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What is important?

garrettia
polycounter lvl 2
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garrettia polycounter lvl 2

Good evening. I'm sorry if my question may be silly, please. What is important in games, vfx, renders?

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  • kanga
  • JulezKaidy
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    I would recommend Googling what the basics of game art are, what makes a game, level design, Art (character, prop, environment, etc) VFX, and so on. From there you can dive deeper into each topic and see what suits you. :)

  • garrettia
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    garrettia polycounter lvl 2

    Thank you both :)

  • another caveman
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    another caveman greentooth

    in games: performances

  • Eric Chadwick
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    Also, digging around in our wiki might help you

    http://wiki.polycount.com/wiki/Rendering

  • poopipe
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    poopipe grand marshal polycounter

    Game design.


    If it isn't designed you have no idea what it is you're supposed to be making and you piss millions down the drain.


    Ask me how I know :)

  • garrettia
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    garrettia polycounter lvl 2

    How you know ? :)

  • poopipe
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    poopipe grand marshal polycounter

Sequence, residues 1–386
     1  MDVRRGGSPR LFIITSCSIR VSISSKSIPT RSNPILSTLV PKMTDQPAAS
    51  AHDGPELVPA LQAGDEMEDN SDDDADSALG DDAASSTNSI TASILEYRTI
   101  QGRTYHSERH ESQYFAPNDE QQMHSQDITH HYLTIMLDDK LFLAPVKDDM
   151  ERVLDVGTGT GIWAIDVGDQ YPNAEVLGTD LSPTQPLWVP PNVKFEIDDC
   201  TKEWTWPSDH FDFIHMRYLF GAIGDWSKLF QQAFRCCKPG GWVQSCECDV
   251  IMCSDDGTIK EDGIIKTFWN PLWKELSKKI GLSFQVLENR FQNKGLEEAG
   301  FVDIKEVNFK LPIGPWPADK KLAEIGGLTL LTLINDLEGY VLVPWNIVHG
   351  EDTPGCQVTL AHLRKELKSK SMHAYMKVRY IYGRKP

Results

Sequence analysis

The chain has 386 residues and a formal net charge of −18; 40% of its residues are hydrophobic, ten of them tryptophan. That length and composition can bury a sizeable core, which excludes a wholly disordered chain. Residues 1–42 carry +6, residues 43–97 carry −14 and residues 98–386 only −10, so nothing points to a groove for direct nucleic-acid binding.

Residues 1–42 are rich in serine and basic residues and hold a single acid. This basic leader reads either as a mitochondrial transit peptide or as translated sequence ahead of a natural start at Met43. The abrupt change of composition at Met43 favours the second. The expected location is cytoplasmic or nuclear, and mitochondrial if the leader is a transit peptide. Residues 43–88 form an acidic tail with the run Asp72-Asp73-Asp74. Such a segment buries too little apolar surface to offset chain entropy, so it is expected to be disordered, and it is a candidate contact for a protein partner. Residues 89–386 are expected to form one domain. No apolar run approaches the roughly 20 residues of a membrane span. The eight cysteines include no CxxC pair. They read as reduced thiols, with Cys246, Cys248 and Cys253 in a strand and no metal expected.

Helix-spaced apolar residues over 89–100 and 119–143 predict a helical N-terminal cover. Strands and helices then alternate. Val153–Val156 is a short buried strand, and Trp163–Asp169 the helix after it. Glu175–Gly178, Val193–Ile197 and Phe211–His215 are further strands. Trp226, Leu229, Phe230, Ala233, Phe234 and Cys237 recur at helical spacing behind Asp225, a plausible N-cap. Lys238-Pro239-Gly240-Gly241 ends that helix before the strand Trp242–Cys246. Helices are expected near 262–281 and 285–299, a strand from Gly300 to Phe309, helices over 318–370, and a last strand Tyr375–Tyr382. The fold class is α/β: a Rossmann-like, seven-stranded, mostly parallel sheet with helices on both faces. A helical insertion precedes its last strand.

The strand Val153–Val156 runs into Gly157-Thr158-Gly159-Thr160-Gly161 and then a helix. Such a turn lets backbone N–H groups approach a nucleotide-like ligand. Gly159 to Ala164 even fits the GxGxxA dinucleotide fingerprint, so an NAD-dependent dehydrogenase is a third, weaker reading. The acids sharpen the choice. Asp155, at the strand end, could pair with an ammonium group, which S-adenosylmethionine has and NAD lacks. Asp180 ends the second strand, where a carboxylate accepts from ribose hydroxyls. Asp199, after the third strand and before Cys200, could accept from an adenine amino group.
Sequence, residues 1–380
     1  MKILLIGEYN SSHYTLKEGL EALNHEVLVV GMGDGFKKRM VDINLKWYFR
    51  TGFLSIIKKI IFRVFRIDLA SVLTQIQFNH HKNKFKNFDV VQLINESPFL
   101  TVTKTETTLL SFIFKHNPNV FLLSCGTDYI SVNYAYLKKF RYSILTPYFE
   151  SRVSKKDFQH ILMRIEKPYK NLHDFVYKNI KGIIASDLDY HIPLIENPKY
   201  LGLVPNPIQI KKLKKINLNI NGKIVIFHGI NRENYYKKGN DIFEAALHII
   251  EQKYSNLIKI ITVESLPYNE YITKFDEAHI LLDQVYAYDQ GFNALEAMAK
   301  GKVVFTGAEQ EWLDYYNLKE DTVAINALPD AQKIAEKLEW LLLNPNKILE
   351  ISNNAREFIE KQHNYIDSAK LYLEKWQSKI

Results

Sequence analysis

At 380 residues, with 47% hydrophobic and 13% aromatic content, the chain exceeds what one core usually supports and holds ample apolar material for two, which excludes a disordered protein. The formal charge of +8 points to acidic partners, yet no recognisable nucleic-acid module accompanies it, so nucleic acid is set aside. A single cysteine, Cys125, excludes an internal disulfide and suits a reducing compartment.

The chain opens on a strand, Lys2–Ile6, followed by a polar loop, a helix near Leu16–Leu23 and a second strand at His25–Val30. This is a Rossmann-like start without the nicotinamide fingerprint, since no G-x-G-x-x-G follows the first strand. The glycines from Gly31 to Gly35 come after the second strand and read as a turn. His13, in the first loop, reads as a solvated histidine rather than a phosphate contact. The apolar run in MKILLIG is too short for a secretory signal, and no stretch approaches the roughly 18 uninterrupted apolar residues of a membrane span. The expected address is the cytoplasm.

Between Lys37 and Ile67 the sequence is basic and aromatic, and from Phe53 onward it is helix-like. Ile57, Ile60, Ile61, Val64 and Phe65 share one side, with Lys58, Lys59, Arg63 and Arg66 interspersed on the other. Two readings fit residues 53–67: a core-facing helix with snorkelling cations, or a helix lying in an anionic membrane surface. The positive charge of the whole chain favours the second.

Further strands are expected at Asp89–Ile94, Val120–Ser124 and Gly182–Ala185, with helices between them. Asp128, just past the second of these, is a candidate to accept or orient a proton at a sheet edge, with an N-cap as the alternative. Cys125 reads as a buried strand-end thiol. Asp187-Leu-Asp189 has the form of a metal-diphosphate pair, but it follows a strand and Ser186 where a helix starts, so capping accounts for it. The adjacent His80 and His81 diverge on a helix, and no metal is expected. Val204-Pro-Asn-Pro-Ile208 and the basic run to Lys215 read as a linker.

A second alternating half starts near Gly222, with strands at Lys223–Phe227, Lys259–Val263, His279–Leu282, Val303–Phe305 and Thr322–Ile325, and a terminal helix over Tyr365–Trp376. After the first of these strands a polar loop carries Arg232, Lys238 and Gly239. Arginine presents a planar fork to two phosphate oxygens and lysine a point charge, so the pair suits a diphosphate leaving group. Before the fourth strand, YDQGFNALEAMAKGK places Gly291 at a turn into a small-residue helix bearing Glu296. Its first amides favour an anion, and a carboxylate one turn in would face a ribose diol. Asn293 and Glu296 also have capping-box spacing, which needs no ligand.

Very good 😜

    If you've got running costs of 15million a year a 3 month delay is pretty expensive and nothing delays production like having no solid idea of what you're making when the pre prod stage ends.

  • Eric Chadwick
  • kanga
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    kanga quad damage

    Amen to that Eric!

  • Tiles
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    Tiles greentooth

    For a game it's the mix of it all. A game is a multimedial product. It has to be consistent in itself. And when just one component sucks, then the whole game sucks. This can even be a single wrong sound fx. And same goes for VFX and renders. The people will not see the thousand things that fits. But the one that disturbs.

    So to answer your question, everything is important.

  • poopipe
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    poopipe grand marshal polycounter

    It's not though is it.


    DayZ - half the art is recycled from 2006 arma and it's buggy as shit . 7/8 years since standalone released and it's still growing new players

    Minecraft - looks ropey as fuck, sounds awful . 11 years in and still growing.


    Battlefield 5 - looked great, sounded great, failed because they forgot to put a game in behind the item shop


    I'm pretty sure an expert could write a whole book about why those two examples still work after all this time.

    I'm not an expert but I'll go out on a limb and suggest that their longevity and success is due to very solid and well thought out base gameplay loop and mechanics that have them been sensitively built upon with the aim of expanding the game for the player's benefit.

    As opposed to the EA/Ubisoft approach of boring the player into buying stuff.

  • Alex_J
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    Alex_J grand marshal polycounter

    Yeah I couldn't disagree more.